(Nordic Africa Institute)
Paper long abstract:
Can oil fuel the rise of developmental states in Africa? This paper explores the relationship between the political economy of oil and the prospects for development in Africa. It critically examines the “oil curse” thesis that seeks to draw a determinate linkage between oil wealth, corruption, predatory and rentier forms of statism, and the “hindering” of development in Africa. The assumptions of this perspective tend to fuel pessimism and under-pin the gloomy prognosis for the prospects for development by African petro-states, except they exorcise their countries of the “oil curse” through neo-liberal political and economic reforms.
Drawing on the case of Nigeria, Africa’s largest oil producer, this paper provides a more nuanced interpretation of the implications of the state-oil nexus for the quest for development. It also shows that an understanding of how the transnational logics of accumulation and dispossession as well as social forces and power relations find expression in the politics of the petro-state is more useful for an analysis of how oil wealth has not so far led to economic transformation in Nigeria.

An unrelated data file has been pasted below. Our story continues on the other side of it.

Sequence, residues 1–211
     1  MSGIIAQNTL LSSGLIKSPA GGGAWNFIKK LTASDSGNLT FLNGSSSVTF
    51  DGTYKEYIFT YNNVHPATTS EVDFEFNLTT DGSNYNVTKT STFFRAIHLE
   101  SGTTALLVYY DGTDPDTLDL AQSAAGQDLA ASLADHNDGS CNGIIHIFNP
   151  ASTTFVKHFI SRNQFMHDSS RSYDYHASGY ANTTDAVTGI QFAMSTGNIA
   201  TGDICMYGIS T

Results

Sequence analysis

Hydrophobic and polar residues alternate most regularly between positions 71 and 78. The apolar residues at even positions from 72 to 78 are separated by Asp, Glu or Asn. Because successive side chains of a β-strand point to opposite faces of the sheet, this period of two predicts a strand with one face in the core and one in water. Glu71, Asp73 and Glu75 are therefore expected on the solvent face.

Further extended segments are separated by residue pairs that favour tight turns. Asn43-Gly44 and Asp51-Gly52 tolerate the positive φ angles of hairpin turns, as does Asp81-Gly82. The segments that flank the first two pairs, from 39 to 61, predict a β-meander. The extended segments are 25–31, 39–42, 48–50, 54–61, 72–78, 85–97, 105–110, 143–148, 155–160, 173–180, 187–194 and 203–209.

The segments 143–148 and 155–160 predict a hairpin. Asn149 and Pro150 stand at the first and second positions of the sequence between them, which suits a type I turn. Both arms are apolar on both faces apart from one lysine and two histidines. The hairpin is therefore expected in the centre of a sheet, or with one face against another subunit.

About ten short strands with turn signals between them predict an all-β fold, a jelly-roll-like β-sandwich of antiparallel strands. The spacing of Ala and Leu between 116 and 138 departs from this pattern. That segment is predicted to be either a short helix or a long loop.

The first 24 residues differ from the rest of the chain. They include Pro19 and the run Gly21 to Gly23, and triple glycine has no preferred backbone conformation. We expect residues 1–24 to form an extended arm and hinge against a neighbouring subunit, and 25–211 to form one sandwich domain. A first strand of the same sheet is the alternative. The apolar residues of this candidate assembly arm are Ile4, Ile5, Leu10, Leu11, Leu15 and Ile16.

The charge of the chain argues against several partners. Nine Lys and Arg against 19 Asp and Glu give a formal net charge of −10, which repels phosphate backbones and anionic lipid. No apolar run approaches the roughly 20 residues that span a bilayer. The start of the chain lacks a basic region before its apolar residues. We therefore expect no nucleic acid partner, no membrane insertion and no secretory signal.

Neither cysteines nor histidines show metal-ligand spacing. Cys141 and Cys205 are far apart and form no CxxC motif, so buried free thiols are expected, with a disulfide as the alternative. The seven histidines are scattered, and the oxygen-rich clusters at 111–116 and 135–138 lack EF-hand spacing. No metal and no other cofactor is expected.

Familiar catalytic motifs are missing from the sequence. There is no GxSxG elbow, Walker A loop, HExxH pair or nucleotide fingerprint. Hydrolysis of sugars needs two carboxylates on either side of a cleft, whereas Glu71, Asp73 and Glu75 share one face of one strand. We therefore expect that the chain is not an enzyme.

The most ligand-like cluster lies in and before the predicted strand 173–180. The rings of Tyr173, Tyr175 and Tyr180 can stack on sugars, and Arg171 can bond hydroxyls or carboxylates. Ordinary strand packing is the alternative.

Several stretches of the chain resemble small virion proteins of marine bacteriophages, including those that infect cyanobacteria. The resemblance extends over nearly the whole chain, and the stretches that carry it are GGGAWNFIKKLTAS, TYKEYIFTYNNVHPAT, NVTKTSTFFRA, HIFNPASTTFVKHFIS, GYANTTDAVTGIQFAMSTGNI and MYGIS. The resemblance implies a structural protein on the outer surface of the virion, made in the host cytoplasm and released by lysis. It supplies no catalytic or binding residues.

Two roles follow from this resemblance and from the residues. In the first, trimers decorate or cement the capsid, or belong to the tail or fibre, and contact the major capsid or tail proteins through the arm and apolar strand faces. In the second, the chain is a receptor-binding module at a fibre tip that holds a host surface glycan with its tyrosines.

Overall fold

The paper makes a strong case for the re-thinking the oil-state and its role in development in Africa beyond the narrow confines of a “gate-keeper”, “rentier” or “lame leviathan”, and suggests ways through which the present conjuncture can be broadened to make the people the focus of development, and transcended by a democratic transition to a developmental oil state in Africa.